The growing demand for in-car technology has meant the car industry has had to react faster and reduce lead times in recent years, similar to smartphone producers. Anderson said: “That’s been a trend for the last ten years, with technology companies being pulled in.
“The idea of Samsung as a technology company is so exciting to car manufacturers that they’re coming to see what we can do. We are leaders in all the business areas we touch. We didn’t create the first smartphone, but we quickly followed that trend and became a leader, as we have in consumer electronics, fridges, washers, dryers and TVs.
“What Samsung is doing in the automotive industry is bringing that breadth of capability, both in terms of engineering prowess and sheer manufacturing capability. That’s going to be a disruptive moment in the industry.”
Cars running Drvline with up to Level 4 autonomy (‘mind- off’, whereby the driver can turn their attention away from controlling the car) are currently testing on the road in Korea and California. The first product from the new system is likely to be a forward-facing autonomous braking camera, which Anderson said should go into production in 2020.
AUTONOMOUS PRETENDERS: FOUR MORE FIRMS AIMING TO DEVELOP SELF-DRIVING TECH:
Aptiv - The automotive parts specialist, created when Delphi Automotive spun off its aftermarket business into Delphi Technologies and rebranded, has been working with ride-sharing firm Lyft on autonomous technology, and displayed self-driving BMW taxis at CES earlier this year.
Nvidia - A manufacturer of computer graphics chips, Nvidia is now developing an autonomous driving platform called Nvidia Drive. It includes a bespoke computer processor for self-driving vehicles. Nvidia has so far secured deals with Volkswagen, Chery, Baidu, Aurora and Uber.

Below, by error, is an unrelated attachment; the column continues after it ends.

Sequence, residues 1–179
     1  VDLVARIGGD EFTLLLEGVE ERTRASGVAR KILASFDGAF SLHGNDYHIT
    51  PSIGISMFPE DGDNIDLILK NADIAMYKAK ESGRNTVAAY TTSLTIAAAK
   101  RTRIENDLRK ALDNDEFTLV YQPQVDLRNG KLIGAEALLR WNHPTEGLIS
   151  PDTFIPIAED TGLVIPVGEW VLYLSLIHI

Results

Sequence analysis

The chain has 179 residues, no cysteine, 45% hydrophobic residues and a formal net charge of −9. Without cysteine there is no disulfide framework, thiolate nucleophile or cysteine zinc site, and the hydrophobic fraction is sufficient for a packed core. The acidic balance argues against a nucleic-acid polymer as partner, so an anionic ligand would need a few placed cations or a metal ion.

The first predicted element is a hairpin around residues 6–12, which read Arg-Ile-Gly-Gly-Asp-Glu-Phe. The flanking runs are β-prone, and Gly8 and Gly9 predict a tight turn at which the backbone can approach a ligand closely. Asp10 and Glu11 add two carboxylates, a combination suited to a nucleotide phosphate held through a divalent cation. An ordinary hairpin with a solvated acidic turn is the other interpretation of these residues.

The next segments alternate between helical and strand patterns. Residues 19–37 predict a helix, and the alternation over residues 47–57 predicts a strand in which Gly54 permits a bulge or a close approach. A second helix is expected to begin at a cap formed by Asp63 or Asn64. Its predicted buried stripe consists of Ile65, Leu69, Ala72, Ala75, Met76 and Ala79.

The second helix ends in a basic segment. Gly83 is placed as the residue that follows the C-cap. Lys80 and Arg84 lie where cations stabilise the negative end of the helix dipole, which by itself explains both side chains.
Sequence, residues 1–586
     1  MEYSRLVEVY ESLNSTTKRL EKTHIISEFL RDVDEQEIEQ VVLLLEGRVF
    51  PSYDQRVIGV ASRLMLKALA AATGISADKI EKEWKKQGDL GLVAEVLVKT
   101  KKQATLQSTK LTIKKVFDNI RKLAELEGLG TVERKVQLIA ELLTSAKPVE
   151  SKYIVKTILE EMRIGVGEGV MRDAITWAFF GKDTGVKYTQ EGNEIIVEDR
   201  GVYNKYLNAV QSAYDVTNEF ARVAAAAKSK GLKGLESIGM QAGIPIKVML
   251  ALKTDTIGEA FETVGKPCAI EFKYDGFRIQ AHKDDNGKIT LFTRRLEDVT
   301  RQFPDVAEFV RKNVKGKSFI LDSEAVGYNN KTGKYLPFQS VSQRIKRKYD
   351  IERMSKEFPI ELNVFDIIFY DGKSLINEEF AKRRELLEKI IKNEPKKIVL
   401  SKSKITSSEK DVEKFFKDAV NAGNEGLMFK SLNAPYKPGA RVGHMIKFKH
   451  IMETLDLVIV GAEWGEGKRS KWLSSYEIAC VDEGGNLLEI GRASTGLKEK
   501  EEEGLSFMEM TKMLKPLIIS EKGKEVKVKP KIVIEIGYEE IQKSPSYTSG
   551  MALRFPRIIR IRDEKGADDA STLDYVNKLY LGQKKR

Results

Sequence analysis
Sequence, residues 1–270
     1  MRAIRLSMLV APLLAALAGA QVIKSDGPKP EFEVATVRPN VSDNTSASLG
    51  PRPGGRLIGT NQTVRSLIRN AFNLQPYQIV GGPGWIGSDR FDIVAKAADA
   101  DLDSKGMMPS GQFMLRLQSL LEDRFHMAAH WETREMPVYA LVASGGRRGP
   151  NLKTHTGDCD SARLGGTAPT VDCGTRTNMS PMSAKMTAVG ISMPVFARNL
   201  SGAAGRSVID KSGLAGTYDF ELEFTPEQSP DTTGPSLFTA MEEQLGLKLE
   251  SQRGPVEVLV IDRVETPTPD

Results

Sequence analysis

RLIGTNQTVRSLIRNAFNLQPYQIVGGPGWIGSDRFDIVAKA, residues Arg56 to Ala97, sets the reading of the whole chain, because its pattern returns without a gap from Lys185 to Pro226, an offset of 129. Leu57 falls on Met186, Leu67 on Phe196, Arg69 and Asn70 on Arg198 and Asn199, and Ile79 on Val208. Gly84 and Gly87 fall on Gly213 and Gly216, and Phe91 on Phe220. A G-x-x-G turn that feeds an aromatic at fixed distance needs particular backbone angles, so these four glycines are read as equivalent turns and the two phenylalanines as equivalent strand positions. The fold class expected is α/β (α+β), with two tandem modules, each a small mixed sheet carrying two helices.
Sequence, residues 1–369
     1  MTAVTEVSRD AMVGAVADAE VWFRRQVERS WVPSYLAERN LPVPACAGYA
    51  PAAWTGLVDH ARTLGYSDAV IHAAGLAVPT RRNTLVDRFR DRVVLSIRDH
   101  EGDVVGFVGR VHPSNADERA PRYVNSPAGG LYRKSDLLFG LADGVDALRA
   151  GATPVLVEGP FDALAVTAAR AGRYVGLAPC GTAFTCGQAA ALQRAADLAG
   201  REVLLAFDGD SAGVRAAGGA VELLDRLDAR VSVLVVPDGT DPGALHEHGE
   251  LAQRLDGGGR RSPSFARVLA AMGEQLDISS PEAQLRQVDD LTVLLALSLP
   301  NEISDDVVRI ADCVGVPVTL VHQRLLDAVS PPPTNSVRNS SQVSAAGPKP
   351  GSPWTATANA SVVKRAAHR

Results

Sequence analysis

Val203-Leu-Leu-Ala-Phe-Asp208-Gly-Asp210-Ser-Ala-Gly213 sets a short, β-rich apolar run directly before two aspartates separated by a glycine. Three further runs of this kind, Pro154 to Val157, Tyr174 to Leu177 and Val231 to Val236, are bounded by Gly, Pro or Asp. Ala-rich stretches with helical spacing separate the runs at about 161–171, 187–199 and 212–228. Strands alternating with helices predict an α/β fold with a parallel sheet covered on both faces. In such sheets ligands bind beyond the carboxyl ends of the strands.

Continental Automotive - Perhaps best known for its tyres, the German automotive parts firm is investing in connected car and autonomous technology, highlighted by the launch of a self-driving concept vehicle called BEE (Balance Economy and Ecology). It is aiming to partner with car companies.
Aurora Innovation - The small Silicon Valley start-up has secured deals to develop autonomous driving technology for the Volkswagen Group, Hyundai and Byton. The deals have a lot to do with one of its founders: Chris Urmson, former head of Google’s self-driving car programme.
￼SAMSUNG'S AUTOMOTIVE HISTORY
Samsung isn’t entirely new to the automotive game: the conglomerate founded its own car firm, Samsung Motors, in 1994. Its first cars, largely badge-engineered Nissans, went on sale in 1998. But by that point the Asian financial crisis had hit, and the bankrupt Samsung Corporation sold 80.1% of its motor division to Renault for £350m. Samsung Card, the group’s credit card division, still owns the remaining 19.9%.